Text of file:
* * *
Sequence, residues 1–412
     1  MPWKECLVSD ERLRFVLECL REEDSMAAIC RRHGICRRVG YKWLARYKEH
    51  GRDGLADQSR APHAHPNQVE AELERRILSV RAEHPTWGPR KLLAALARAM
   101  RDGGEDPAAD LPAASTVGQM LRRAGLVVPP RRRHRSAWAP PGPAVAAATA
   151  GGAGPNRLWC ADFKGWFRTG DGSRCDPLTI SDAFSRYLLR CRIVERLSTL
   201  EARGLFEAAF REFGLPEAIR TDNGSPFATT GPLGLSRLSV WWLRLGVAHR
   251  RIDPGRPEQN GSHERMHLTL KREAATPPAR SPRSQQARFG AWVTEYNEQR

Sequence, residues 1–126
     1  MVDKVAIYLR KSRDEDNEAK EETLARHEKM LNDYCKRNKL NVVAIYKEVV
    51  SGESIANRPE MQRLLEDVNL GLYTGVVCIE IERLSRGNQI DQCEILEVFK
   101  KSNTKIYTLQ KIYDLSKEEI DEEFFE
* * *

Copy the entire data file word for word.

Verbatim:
Sequence, residues 1–412
     1  MPWKECLVSD ERLRFVLECL REEDSMAAIC RRHGICRRVG YKWLARYKEH
    51  GRDGLADQSR APHAHPNQVE AELERRILSV RAEHPTWGPR KLLAALARAM
   101  RDGGEDPAAD LPAASTVGQM LRRAGLVVPP RRRHRSAWAP PGPAVAAATA
   151  GGAGPNRLWC ADFKGWFRTG DGSRCDPLTI SDAFSRYLLR CRIVERLSTL
   201  EARGLFEAAF REFGLPEAIR TDNGSPFATT GPLGLSRLSV WWLRLGVAHR
   251  RIDPGRPEQN GSHERMHLTL KREAATPPAR SPRSQQARFG AWVTEYNEQR

Sequence, residues 1–126
     1  MVDKVAIYLR KSRDEDNEAK EETLARHEKM LNDYCKRNKL NVVAIYKEVV
    51  SGESIANRPE MQRLLEDVNL GLYTGVVCIE IERLSRGNQI DQCEILEVFK
   101  KSNTKIYTLQ KIYDLSKEEI DEEFFE